I come from a long family history of supporting and voting Republican.
My mother in particular saw it all -- born in 1900 and lived to a100. Women's right to vote and their actually getting out in numbers didn't get going until the mid to late 1920s.
So let's start with my mom supporting Republican candidate Hoover in 1928. Not a good time to get interested in Republican national politics, as election winner Hoover inherited eight years of the excesses fromthe Prohibition era and was in office only months when the stock market crashed in 1929, followed by the Great Depression.
Then we had Democrat FDR beating the Republicans in four elections, starting in 1932. Hey, I was the only kid in fourth grade who said his parents were not voting for FDR in the 1944 election!
Fast forward to the 1976 presidential election campaign. By then we did have four Republican and only three Democratic presidents elected since FDR.
The 1976 campaign really got my mom's juices going with Jimmy Carter getting elected. From that point on, she was involved in local and national politics.
In her later years she was frequently recognized as the grand dame of the Republican Party in the Midwestern county where she lived.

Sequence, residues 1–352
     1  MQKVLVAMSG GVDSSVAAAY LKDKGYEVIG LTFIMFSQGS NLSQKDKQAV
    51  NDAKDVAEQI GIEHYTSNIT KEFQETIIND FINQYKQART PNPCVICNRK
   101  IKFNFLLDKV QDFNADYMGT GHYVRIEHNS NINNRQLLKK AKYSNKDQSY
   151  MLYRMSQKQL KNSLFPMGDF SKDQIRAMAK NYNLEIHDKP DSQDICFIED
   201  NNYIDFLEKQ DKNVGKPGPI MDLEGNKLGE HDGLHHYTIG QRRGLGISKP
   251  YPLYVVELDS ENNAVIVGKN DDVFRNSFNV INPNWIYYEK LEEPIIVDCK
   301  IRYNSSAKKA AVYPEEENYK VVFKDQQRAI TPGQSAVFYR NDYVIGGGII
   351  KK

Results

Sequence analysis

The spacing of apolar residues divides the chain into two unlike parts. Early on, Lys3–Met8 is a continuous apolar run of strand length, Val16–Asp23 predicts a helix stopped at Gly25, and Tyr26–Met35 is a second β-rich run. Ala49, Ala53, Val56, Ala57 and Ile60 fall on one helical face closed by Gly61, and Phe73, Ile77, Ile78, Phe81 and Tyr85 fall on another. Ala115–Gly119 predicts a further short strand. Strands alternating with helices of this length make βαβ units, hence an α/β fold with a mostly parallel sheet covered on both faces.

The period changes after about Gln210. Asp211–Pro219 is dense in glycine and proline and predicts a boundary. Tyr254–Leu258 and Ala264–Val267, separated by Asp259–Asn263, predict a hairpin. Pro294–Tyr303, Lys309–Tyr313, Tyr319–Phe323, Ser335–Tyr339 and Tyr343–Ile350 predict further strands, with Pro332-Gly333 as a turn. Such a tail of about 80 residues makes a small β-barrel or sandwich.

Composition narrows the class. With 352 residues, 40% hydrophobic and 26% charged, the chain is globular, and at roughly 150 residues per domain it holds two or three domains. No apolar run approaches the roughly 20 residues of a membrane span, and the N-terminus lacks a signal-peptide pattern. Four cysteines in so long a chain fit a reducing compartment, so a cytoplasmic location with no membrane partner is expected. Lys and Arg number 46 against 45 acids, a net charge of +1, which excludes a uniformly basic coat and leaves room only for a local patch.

Past her 100th birthday and during the 2000 presidential election campaign, she tirelessly was on the phone stumping for her "good friend," George Bush.
Of course, she voted beforehand through the early balloting process. But then in the early morning of Nov. 1, 2000, she passed away, just days before the election.
So what happened then? You guessed it. A snake-in-the-grass Democrat pointed out that my mom had voted early -- hence her vote should not count!
How would my outspoken mother have reacted to that? You guessed it, with a few choice words, and in the same way she would react to what has happened to her Republican Party in recent years.
It is fast becoming a party hijacked by a group of extremists, both within the party and the raw ideologues in the companion party. A case in point was the primary defeat of incumbent Sen. Richard Lugar, one of the most respected foreign policy experts in the Republican Party.
It appears the newest brand of Republican candidates can forget the motto of "governing in the way of President Reagan,"as he understood the notion of give and take and never let personal attacks come into play as we are now seeing.
The concern all traditional Republicans should have is things moving to a point that over-the-top ideologues gain control of the Congress, forcing the hand of any moderate Republican president to tow the line, including demanding stacking the deck of the Supreme Court.
I think we know enough from history to predict the outcome of that scenario, if you believe in any form of democracy.
Paul Rondeau is a Vail resident.